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  1. #1
    Member chrisnesss's Avatar
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    Best camera for going pro

    Recently I have been asked to sell photos, and do some portrait work. Right now I am shooting an Olympus E-520 but would like to upgrade. I prefer to shoot outdoors, shoot in cemeteries, public streets and some scenery. Would like to shoot more wildlife photography once I get a better zoom but am holding off till I get another body.

    The question is-can I get by with my 520, or should I look at an E-3 or even a full frame from a different manufacturer? My budget is around 1,500 for the new body.

    Any advice would be greatly appreciated.
    Last edited by chrisnesss; 12-24-2009 at 10:25 AM.

  2. #2
    Learning more with every "click" mjs1973's Avatar
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    Re: Best camera for going pro

    I really don't know anything about Olympus cameras so I can't give you any specifics. My question to you is this. Is there something your E-520 isn't doing that you need it to do? If you're doing portrait work, either in a studio or with natural lighting, I would think that the 520 should be fine. It's not like you need to shoot portraits at really high ISO or at 10fps. You may want to invest in a fast lens to help blur the backgrounds but I would think for portrait work just about any DSLR on the market would work. Unless you are talking high end magazine or fashion work.

    If people have seen your work and are asking for your services I would say you are already "going pro". It doesn't matter what you shoot with.
    Mike

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  3. #3
    Member chrisnesss's Avatar
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    Re: Best camera for going pro

    The only problem I have with the 520 is in low light, the images come out grainy, even when the ISO is bumped up. And no I am not planning on working for a fashion magazine. . There were a few people that suggested I buy a full frame or an E-3 for better performance and maybe sharper clarity. I guess some people like to see the peach fuzz on their models. Not my in my taste, but whatever.

    Thanks for the advice.

  4. #4
    drg
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    la recherche de trolls drg's Avatar
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    Re: Best camera for going pro

    The first thing every 'new pro' needs is a better lens. If you already have the top of the line lens for your primary use, that's the thing to buy first!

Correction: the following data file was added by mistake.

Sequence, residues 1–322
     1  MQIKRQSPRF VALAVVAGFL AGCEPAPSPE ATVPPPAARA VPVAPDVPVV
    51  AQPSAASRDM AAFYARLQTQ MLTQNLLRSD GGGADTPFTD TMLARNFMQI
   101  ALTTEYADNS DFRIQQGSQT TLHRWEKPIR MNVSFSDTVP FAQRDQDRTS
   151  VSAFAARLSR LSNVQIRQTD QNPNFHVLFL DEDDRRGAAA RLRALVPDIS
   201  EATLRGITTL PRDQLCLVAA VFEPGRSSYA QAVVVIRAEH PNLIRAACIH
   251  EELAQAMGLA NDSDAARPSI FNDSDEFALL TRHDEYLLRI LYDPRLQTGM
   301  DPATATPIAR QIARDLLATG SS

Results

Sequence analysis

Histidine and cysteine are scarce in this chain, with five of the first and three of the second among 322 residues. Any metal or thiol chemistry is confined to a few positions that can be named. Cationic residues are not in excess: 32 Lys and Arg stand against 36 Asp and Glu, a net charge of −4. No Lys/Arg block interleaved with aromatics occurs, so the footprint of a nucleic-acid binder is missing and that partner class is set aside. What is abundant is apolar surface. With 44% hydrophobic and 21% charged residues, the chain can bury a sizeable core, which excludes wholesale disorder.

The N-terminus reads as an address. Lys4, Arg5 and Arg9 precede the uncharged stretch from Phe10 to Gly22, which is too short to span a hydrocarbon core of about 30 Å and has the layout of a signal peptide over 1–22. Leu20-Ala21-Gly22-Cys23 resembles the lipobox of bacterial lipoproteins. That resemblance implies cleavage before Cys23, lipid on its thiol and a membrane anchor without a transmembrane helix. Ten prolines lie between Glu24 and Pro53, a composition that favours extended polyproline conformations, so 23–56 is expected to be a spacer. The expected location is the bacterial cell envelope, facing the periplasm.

A good portrait lens will make the Oly 520 work better than it does now for producing a quality image.

    If you need a second body, as in a backup, consider a used one to go along with your current glass.

    It takes less time to learn to use the advantages provided by a better lens than it does a new/different body.

    If you are needing a new camera body it is a simple equation for most pros or wannabe's: can I make enough more money with it to make it worthwhile and pay for itself?

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  5. #5
    Captain of the Ship Photo-John's Avatar
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    Re: Best camera for going pro

    The E-620 is my favorite Olympus DSLR body. But I agree with everyone else here that a better lens is the best way for you to invest your money. What lenses do you have now? I'm also curious about what kind of situations you shoot in where the light is too low. Maybe some lighting would also be a good investment. And perhaps we could help you with some technique that would help you minimize noise. Are you using auto ISO or do you select the ISO yourself?
    Photo-John

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  6. #6
    Member chrisnesss's Avatar
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    Re: Best camera for going pro

    I am using two kit lenses. The Olympus digital 14-42 mm f/3.5-5. and 40-150mm f/4-5.6. And the situations where I run into grain is indoors when I shoot soft light with heavy shadows. And I use the manual adjustment on the ISO, WB, aperture, exposure and sometimes on the focus.

    My first thought honestly was to go to spend the money on better glass and maybe some lighting, but the bugs in my ear were pushing me to start with a better camera. I love the 520. And I get great shots with it.

    As far as my shooting techniques I can't give you any "text book" examples. Lately I am shooting more for dramatic, contrasty images. Maybe a bit more harder than what I was shooting before. The subjects vary quite a bit. If that helps.

  7. #7
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    Re: Best camera for going pro